The appeals court disagreed, however, saying that the delay was due to a backlog of FOIA requests at the agency and that CareToLive did not provide any evidence that the FDA was withholding information.
“Although agencies must respond to requests under the [FOIA], they are not required to open their doors and invite the public in to peruse their records,” the court says. “CareToLive does not identify any additional offices or departments where the FDA should have searched for documents.”
Meanwhile, the Centers for Medicare & Medicaid Services (CMS) is continuing its national coverage analysis of Provenge and the agency has also been hit with lawsuits from government watchdog groups suspicious that CMS is reviewing the drug because of its high cost.
The latest suit was filed last month by the group Judicial Watch, who accused HHS of failing to respond to a FOIA request filed in November (DID, Jan. 7). — David Belian
The FDA is seeking to determine whether manufacturers of prescription cough, cold and allergy medications that were cited as unapproved drugs decades ago would still like to appeal the agency’s decision.
The products in question were sold for decades and benefited from entering the market before 1962, when Congress mandated that all new drugs be proven safe and effective before being approved, the FDA says in a Federal Register notice published Friday.
Prior to 1962, drugs that were deemed “identical, related or similar” to an approved product could be marketed without independent approval from the FDA, the agency says.
In the late 1960s and early 1970s, the FDA attempted to backtrack and review the thousands of products that had entered the market without an agency review in a process known as the Drug Efficacy Study Implementation (DESI).
Most of the products reviewed were either granted approval or ordered removed from the market, but some companies requested a hearing with the FDA appealing a decision and, according to the agency’s records, a number of those hearing requests are still pending.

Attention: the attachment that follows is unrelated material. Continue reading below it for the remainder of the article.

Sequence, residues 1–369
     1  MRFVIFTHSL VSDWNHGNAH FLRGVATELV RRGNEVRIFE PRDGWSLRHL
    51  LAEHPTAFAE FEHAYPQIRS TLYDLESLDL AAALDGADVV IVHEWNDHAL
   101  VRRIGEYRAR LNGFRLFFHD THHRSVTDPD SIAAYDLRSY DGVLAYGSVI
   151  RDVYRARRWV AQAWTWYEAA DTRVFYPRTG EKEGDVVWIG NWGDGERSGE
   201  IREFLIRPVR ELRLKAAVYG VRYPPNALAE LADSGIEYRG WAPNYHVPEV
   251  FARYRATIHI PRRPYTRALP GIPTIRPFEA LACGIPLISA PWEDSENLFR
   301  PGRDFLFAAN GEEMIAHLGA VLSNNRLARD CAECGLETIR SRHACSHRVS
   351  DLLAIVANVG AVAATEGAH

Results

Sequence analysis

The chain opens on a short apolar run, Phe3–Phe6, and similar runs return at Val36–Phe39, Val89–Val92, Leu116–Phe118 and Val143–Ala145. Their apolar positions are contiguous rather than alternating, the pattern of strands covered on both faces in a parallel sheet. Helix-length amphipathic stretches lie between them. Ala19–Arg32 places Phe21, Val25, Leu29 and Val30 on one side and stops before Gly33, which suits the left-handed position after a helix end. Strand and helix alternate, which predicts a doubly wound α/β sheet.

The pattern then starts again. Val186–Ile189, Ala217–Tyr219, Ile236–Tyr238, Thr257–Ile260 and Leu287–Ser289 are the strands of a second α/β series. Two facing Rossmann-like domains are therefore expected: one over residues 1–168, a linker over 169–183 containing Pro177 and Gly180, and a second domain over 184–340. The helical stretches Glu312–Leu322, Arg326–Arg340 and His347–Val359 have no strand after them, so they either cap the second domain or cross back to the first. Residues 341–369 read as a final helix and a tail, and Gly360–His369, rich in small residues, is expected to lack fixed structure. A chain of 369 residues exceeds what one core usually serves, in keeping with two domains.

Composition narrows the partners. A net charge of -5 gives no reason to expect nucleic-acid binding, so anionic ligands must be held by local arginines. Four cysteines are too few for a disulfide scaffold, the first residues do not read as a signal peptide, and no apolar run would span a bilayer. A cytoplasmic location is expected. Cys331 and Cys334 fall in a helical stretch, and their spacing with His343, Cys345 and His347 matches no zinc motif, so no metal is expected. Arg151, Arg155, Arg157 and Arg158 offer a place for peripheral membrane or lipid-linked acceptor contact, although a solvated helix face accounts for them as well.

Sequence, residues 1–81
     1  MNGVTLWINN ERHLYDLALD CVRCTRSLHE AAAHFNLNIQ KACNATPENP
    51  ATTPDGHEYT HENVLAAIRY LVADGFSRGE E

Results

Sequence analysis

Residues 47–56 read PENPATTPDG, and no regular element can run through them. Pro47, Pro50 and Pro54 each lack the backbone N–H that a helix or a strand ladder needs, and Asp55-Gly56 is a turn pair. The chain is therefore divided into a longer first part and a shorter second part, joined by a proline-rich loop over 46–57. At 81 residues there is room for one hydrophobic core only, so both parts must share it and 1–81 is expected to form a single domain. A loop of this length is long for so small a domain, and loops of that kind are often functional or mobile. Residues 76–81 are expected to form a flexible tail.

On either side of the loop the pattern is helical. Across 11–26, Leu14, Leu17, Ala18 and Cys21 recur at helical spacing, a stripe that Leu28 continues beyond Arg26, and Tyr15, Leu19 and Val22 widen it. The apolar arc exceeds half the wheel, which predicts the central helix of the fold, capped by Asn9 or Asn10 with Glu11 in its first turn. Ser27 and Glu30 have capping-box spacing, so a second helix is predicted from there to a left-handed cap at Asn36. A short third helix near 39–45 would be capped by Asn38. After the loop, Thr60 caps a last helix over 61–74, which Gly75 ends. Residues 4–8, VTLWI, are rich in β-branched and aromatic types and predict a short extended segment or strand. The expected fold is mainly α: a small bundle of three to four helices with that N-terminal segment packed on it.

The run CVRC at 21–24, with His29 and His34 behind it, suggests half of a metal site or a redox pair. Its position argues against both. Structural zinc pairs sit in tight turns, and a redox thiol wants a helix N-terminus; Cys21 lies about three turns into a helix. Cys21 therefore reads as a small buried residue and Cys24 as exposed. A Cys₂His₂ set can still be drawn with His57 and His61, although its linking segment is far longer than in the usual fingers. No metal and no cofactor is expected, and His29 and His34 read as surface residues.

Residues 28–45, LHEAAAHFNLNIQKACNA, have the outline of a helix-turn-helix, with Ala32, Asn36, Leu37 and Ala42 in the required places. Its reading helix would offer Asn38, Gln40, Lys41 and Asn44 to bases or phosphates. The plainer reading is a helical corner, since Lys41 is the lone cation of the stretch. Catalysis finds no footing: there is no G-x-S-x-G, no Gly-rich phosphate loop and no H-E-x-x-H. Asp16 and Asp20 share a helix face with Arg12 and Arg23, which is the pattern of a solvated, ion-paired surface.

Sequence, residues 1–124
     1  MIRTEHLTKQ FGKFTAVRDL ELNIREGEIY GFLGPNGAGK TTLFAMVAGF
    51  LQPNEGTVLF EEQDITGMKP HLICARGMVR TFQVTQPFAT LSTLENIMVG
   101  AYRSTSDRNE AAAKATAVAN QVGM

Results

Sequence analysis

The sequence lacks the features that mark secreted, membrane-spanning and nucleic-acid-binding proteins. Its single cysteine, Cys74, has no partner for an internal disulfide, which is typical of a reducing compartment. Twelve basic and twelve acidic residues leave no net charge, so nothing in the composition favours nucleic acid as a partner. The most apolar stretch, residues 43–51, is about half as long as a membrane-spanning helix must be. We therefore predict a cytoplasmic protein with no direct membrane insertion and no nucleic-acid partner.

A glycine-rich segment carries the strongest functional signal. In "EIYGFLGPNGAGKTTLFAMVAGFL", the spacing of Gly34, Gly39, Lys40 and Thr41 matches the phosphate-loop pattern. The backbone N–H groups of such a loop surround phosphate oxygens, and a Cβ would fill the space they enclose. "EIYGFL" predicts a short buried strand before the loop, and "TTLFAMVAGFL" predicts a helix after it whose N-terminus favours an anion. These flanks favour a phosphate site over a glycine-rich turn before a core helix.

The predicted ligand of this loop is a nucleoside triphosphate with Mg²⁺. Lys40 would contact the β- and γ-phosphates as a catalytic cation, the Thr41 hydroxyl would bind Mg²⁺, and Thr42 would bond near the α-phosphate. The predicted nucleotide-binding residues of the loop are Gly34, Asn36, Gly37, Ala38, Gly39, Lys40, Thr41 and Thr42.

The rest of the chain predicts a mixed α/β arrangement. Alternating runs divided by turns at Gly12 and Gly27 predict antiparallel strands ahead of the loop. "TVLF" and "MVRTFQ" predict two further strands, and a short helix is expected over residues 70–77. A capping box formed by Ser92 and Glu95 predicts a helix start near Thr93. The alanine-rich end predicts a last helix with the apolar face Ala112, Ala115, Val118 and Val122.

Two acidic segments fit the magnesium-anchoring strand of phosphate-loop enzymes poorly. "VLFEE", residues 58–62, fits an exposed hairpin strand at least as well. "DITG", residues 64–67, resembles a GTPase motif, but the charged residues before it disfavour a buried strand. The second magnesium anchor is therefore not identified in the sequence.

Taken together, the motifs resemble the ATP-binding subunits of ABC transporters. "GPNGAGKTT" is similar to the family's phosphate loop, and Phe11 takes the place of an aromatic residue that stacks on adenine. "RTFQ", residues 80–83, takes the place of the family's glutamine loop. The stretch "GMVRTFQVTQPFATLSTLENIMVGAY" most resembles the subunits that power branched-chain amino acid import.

While many of the drugs involved have since been removed from the market anyway, the FDA is notifying the manufacturers of the products that they now have until Feb. 6 to inform the agency whether they still want a hearing; otherwise, their request will be withdrawn.
The Federal Register notice containing the full list of products involved can be found at www.ofr.gov/OFRUpload/OFRData/2011-00104_PI.pdf. — David Belian
Teva Pharmaceutical is recalling one lot of its antibiotic metronidazole as some tablets may be underweight and may not contain the full amount of active ingredient.
The company’s investigation into the issue is ongoing, company spokeswoman Denise Bradley told DID Friday. Teva has identified about 75 bottles that would be affected by the recall and has already received more than 55 of the 250-count bottles.
Tablets with a lower than prescribed dose of active ingredient could cause patients’ infections to worsen or recur and could be life-threatening when treating severe infections, though Teva has received no reports of adverse events associated with use of the product lot so far, the FDA said Thursday.
Metronidazole is indicated to treat amebiasis, asymptomatic consorts, symptomatic and asymptomatic trichomoniasis, and a variety of anaerobic bacterial infections.
Separately, the company is also recalling four lots of its ProAir HFA (albuterol sulfate) inhalers, manufactured in Ireland, that failed U.S. Pharmacopeia content uniformity requirements. That recall, announced Wednesday by the FDA, began in late November and affects 792,603 inhalers. It is still under active investigation, Bradley said. — April Hollis